IoT for Marketers
What if you could take the marketing materials you produce every day and turn them into touchstones that trigger interactive experiences?
That’s what the Internet of Things (IoT) can mean to marketers. IoT makes it possible to turn any “thing” into a connected one, moving customers and prospects seamlessly from paper or object to interaction.
When you think of the IoT, you probably automatically think of refrigerators and toasters connected to the Internet. But it actually goes well beyond consumer electronics with built-in sensors. IoT really refers to an interdependent mixture of hardware, software, data and services all with very sophisticated interdependencies.
And it isn’t a futuristic vision. It’s already here and growing quickly. While you were going about your day-to-day life during the past 10 years, the number of things connected to the Internet exceeded the number of people living on the planet. By 2020, researchers predict the number of connected things will be anywhere from 20 to 75 billion.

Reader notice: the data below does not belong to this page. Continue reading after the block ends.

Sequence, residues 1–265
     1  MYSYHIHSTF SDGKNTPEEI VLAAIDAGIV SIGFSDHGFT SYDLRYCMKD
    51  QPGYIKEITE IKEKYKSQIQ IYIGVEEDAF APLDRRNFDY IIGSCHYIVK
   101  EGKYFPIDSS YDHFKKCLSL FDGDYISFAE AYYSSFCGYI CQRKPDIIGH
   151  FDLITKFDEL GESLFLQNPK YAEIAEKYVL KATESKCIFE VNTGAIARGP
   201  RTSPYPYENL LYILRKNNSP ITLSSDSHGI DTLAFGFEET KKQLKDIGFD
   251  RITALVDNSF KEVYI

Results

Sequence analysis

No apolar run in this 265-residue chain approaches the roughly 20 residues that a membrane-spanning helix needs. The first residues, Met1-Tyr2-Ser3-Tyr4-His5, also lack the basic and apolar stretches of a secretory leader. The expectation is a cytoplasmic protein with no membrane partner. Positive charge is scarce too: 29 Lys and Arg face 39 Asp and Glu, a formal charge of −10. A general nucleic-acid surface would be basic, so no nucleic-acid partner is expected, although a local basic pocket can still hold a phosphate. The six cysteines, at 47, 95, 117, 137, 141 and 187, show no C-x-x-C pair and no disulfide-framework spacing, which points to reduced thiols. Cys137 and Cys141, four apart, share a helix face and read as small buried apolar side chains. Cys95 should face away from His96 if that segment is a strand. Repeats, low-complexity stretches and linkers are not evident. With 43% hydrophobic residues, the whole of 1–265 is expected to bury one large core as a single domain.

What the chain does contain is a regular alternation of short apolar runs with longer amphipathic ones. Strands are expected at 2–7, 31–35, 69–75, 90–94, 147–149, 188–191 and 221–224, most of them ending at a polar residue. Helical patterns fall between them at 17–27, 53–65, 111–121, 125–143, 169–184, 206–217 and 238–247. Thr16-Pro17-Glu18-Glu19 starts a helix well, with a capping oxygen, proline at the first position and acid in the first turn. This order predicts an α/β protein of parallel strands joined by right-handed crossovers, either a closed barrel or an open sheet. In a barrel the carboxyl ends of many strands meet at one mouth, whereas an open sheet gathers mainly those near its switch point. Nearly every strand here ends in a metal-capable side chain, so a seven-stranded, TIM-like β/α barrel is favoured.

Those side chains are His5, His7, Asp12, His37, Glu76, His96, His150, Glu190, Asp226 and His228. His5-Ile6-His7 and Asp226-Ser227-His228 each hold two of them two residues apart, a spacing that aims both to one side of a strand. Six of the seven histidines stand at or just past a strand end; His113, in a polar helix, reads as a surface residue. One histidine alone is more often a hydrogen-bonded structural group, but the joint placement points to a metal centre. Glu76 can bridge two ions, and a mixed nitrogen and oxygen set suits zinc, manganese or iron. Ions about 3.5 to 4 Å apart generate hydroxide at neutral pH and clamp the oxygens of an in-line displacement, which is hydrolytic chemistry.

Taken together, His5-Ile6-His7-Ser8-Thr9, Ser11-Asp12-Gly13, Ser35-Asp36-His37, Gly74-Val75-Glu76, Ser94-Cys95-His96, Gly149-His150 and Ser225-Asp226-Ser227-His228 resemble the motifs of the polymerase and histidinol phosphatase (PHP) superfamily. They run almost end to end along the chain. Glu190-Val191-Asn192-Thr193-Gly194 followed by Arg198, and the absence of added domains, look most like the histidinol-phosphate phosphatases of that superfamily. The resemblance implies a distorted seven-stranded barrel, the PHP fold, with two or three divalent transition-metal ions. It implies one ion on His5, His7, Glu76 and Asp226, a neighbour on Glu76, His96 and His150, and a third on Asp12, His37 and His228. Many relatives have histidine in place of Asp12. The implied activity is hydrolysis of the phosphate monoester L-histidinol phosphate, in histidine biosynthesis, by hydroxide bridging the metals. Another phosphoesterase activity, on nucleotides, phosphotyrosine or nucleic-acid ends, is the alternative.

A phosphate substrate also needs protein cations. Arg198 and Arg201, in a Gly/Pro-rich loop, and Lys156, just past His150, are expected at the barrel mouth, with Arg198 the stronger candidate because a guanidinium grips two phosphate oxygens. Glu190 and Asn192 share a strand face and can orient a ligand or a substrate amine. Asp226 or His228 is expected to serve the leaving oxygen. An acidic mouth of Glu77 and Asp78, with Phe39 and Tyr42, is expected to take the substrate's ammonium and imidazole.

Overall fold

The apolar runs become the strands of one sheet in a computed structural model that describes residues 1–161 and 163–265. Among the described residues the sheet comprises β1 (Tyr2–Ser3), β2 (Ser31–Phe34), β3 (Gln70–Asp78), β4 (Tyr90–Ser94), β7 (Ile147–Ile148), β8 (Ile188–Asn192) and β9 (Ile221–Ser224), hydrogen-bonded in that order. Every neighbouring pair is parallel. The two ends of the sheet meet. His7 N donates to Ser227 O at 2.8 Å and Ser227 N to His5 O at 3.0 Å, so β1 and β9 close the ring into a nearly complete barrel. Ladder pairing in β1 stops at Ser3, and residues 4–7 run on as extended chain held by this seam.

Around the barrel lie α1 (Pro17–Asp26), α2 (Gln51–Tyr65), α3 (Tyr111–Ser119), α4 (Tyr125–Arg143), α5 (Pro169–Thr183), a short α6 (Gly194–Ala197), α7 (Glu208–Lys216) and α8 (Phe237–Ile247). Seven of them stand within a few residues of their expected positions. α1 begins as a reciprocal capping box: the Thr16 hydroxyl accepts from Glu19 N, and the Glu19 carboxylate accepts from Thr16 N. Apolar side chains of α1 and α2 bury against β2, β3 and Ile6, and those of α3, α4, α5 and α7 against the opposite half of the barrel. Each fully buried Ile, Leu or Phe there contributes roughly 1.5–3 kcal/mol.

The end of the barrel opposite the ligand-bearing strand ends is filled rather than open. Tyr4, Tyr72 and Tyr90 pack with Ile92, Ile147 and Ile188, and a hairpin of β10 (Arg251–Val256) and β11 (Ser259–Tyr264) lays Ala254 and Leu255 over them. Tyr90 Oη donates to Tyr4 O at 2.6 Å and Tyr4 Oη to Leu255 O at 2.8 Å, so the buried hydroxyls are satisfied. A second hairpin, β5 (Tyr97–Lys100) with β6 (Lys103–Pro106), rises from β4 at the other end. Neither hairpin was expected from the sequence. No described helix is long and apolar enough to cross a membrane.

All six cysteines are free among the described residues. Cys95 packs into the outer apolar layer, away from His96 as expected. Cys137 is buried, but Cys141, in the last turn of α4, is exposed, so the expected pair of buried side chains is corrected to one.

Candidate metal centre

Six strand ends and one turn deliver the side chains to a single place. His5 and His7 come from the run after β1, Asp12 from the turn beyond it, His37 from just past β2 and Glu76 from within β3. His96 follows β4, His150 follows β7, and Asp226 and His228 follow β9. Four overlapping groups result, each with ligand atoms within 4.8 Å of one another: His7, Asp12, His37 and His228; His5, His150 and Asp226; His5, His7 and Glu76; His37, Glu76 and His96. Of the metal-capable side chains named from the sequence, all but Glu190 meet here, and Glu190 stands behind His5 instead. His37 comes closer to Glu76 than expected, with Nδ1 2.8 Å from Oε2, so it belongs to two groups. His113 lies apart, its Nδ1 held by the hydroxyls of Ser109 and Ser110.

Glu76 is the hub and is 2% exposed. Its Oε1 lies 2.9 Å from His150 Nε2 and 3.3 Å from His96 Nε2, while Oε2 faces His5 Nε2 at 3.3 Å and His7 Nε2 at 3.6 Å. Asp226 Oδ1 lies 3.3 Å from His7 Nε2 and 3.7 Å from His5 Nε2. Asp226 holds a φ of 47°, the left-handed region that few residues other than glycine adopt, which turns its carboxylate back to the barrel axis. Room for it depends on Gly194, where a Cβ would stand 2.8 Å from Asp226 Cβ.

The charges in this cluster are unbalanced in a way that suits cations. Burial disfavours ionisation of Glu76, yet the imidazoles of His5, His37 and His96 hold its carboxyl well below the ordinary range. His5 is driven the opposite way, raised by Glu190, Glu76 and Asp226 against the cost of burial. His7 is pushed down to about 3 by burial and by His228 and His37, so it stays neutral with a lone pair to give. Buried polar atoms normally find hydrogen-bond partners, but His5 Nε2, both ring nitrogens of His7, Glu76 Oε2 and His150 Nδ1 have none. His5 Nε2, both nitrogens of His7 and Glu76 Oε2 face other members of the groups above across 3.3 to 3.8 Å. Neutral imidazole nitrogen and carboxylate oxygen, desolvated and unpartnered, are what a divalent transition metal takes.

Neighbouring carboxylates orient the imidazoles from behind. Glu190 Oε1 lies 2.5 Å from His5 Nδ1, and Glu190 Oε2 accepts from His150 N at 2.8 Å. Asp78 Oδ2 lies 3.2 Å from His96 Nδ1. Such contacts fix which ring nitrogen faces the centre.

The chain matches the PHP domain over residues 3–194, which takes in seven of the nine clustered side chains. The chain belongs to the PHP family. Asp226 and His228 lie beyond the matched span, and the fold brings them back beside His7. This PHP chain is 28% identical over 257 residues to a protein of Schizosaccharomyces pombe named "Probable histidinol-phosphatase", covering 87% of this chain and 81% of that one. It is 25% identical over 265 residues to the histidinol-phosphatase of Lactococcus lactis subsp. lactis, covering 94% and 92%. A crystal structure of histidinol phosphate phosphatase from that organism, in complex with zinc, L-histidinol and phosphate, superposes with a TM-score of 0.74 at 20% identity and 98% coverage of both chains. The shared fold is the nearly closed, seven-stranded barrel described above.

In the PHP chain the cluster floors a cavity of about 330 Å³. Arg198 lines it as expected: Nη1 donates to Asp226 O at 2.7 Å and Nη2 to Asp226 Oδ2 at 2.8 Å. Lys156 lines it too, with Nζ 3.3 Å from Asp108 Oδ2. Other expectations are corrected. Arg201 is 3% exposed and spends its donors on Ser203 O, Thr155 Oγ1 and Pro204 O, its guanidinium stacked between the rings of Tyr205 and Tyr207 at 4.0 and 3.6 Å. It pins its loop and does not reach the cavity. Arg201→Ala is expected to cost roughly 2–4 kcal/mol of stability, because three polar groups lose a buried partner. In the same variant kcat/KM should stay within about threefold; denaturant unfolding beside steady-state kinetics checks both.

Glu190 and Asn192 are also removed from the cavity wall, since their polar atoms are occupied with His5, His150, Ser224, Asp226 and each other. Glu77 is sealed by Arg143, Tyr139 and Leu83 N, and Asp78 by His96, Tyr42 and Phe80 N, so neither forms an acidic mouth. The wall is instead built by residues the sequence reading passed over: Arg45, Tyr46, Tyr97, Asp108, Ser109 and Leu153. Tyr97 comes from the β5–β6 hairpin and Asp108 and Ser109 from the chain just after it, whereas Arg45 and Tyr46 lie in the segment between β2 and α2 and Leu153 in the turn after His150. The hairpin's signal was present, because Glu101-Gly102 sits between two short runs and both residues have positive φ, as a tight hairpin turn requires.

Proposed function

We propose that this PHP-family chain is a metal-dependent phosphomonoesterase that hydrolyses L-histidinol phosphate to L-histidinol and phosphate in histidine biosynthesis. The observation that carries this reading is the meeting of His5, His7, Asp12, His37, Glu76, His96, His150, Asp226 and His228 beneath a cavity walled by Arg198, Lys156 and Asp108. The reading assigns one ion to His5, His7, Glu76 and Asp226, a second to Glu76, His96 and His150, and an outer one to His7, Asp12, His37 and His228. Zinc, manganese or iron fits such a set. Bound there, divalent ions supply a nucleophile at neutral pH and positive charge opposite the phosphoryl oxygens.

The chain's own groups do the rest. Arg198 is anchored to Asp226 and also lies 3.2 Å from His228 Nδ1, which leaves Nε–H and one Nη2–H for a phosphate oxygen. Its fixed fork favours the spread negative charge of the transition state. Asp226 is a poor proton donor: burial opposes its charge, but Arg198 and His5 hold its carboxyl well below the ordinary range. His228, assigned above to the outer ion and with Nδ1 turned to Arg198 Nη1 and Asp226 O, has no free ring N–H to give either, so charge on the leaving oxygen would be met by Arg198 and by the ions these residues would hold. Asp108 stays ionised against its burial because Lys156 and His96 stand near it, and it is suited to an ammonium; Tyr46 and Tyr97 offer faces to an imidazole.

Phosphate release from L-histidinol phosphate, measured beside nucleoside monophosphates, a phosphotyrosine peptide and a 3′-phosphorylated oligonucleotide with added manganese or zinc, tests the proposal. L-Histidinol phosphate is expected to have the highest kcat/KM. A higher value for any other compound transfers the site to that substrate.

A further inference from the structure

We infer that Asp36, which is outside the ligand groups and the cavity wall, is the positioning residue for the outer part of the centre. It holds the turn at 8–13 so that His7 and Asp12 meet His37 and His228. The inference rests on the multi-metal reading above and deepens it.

Already, the IoT is changing the way we interact with each other and the world. It has impacted the way we monitor our health and how we keep our homes secure. It’s changed how cities manage traffic, water distribution and even pollution. It revolutionized banking with the automated teller machine, and now it’s transforming supply chain management and retail promotion.
For marketers, it offers a very real and very relevant way of communicating with new and existing customers through “things” that can see, listen, serve, interact,
record and disposition behavior in real time.
Mobile Is the Controller
Your smartphone, with its wide range of sensors — GPS, accelerometer, gyro, video, proximity, compass, camera and more — and wireless connection, give you an incredibly well-equipped Internet of Things device right in your pocket. These small screens we carry around with us every day offer immediate access to media-rich content and interactive experiences.
Today, we can use smart mobile devices with an augmented reality app to turn any printed image, 3D object or any location into a target that will trigger an experience on a mobile device — without a typical browser experience.
Your phone camera, as an extension of you, sees something and changes the screen to assist you in a more intuitive path through whatever information it reports back to you. With this idea of a browserless Internet, we are no longer constrained by text-based search methodology or opening up a Web browser and entering a URL.
Related story: What Will Your Internet of Things Be?